Veit said the center also helps the community understand what the company does. “Every industry needs to be understood to be successful. Not only do we need to be understood, we need to provide opportunities to participate in what we do. The Center for Energy Education does exactly that. We inform the people but we also provide opportunities to get construction classes.”

Veit said there are plenty of solar companies that are waiting to hire people locally. “We all want to hire locally but sometimes it’s hard to find the right people so these training opportunities are really great.”

In 2016 the center began teaching teachers so they in turn could teach their students about solar. “We have seven years of solar education in Halifax County. I think that’s one of our best programs that we carry out. Our leaders need to understand why solar is happening.”

In 2018 the center trained 100 people in its construction class. “Wherever Geenex goes with our industry partners we carry the center along and provide those services to other communities. The programs we’re deriving from the work here are now being done in Kentucky, Ohio, Indiana, Virginia.”

The center, like the company, is part of the global shift to renewable energy, he said. “All of this contributes to the shift — the shift that the world needs. Everywhere in the world, the effects of climate change are paramount. There’s severe droughts in Europe, some like we haven’t seen before. In Germany we didn’t have wildfires — now we have them every year.”

Veit said what makes the center “so cool” is that industry and community have been combined with art and performance. “The interns, the Radiant Rays, are a big example of what can happen if you can give something to the young people. Without fighting climate change there will not be social justice.”

Patrick Fox, a partner with New Energy Capital, is originally from rural New Hampshire. “I am part of a statistic that I hope reverses. Many of my generation who grew up in rural communities didn’t see an opportunity to stay in those communities and we fled. I applaud all the people here in Halifax and other parts of North Carolina who are working hard to give opportunities to the next generation and I think clean energy is a great place to do that.”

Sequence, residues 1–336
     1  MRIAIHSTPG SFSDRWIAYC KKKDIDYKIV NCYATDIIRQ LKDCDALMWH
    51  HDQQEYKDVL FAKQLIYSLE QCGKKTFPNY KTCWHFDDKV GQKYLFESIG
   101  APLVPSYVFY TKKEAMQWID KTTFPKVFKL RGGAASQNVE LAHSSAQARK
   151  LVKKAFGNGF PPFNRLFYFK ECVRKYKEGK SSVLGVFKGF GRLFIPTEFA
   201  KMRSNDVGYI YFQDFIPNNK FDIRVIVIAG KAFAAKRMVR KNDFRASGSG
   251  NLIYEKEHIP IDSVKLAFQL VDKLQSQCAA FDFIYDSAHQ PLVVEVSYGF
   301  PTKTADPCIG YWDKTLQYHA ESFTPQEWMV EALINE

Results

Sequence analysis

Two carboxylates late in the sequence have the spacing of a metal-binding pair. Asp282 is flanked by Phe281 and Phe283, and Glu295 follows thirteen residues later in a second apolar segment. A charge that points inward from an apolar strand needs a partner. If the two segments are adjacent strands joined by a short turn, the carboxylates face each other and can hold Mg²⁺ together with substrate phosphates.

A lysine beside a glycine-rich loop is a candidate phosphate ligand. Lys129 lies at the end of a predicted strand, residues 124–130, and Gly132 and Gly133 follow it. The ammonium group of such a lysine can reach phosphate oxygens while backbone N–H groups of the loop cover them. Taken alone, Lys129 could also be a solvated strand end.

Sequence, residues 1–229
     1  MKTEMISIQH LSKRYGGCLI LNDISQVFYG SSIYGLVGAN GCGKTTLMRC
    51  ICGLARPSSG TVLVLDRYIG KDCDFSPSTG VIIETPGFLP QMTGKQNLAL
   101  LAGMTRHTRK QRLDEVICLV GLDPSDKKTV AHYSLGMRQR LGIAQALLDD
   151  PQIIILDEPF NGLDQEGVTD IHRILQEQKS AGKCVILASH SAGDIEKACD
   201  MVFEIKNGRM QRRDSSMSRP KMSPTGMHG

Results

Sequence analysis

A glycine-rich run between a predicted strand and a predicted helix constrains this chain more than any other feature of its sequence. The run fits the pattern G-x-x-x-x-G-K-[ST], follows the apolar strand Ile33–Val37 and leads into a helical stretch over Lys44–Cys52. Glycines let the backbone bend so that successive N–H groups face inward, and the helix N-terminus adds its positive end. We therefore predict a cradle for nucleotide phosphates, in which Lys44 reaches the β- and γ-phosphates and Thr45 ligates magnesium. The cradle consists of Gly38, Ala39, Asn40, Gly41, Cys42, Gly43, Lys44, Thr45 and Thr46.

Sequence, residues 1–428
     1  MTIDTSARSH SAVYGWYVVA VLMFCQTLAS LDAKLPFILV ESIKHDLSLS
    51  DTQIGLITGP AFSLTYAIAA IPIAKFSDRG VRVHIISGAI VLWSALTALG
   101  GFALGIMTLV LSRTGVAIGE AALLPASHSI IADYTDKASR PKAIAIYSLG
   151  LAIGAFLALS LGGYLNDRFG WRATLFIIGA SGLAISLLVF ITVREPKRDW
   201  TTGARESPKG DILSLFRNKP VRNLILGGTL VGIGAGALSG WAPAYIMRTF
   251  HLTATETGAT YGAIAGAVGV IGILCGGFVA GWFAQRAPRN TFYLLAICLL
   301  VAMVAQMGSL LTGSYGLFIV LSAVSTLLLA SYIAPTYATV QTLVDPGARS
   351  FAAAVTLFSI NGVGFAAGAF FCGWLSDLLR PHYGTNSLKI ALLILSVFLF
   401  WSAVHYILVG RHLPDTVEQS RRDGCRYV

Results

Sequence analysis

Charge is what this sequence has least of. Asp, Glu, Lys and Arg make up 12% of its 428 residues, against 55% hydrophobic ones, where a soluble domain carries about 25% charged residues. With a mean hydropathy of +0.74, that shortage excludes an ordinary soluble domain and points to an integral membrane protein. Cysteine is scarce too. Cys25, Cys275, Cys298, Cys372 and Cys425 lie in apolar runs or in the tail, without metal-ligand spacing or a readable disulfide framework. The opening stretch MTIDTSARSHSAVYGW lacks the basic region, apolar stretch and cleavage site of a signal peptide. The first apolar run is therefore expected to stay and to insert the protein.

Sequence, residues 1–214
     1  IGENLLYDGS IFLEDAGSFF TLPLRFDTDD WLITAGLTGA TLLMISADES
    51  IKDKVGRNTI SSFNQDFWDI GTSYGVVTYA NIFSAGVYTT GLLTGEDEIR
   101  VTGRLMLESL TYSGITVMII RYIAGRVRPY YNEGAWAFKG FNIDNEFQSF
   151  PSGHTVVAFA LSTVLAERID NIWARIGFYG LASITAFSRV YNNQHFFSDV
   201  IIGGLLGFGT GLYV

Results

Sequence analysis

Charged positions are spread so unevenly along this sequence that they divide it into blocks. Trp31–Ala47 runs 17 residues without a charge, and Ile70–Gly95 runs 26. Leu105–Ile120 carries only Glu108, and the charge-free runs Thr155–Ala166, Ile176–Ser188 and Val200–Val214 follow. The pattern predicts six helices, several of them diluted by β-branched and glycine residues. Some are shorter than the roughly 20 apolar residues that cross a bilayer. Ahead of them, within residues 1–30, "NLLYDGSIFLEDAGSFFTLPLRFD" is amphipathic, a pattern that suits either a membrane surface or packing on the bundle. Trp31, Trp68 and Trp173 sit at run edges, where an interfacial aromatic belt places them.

New Energy Capital made its first investment in solar in North Carolina in 2011. 

Since then North Carolina has taken a lead position in the industry. “Since that time we have probably put about $250 million in investment into North Carolina companies and projects. We’re very proud to see the results of that in the clean energy investment. We’re also proud to see that these small communities, rural communities, are taking part in that, and are seeing some benefits.”

The solar and renewable energy issue is not about politics, he said. “What’s really driving solar is economics. We have more solar developed in the last five years than we have anytime in our history. That spans, in terms of the presidency, two different political parties. So it’s not a political issue, it's an economic issue. Take part in it, get educated, make it serve your communities in the best way possible.”